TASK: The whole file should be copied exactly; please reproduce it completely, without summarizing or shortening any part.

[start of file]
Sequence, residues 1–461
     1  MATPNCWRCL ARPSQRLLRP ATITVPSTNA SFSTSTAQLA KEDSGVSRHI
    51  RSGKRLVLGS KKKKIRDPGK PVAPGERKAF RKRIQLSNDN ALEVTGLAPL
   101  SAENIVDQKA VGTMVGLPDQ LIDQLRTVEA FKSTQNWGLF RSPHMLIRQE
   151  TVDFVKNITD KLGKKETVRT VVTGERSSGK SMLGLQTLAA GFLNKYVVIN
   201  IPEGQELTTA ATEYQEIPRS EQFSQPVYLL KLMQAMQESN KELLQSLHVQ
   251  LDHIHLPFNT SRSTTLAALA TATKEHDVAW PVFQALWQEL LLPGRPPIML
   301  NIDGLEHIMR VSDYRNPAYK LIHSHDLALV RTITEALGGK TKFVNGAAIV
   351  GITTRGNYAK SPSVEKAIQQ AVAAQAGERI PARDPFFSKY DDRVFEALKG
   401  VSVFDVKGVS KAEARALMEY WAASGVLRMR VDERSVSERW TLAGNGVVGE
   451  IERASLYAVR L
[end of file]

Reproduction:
Sequence, residues 1–461
     1  MATPNCWRCL ARPSQRLLRP ATITVPSTNA SFSTSTAQLA KEDSGVSRHI
    51  RSGKRLVLGS KKKKIRDPGK PVAPGERKAF RKRIQLSNDN ALEVTGLAPL
   101  SAENIVDQKA VGTMVGLPDQ LIDQLRTVEA FKSTQNWGLF RSPHMLIRQE
   151  TVDFVKNITD KLGKKETVRT VVTGERSSGK SMLGLQTLAA GFLNKYVVIN
   201  IPEGQELTTA ATEYQEIPRS EQFSQPVYLL KLMQAMQESN KELLQSLHVQ
   251  LDHIHLPFNT SRSTTLAALA TATKEHDVAW PVFQALWQEL LLPGRPPIML
   301  NIDGLEHIMR VSDYRNPAYK LIHSHDLALV RTITEALGGK TKFVNGAAIV
   351  GITTRGNYAK SPSVEKAIQQ AVAAQAGERI PARDPFFSKY DDRVFEALKG
   401  VSVFDVKGVS KAEARALMEY WAASGVLRMR VDERSVSERW TLAGNGVVGE
   451  IERASLYAVR L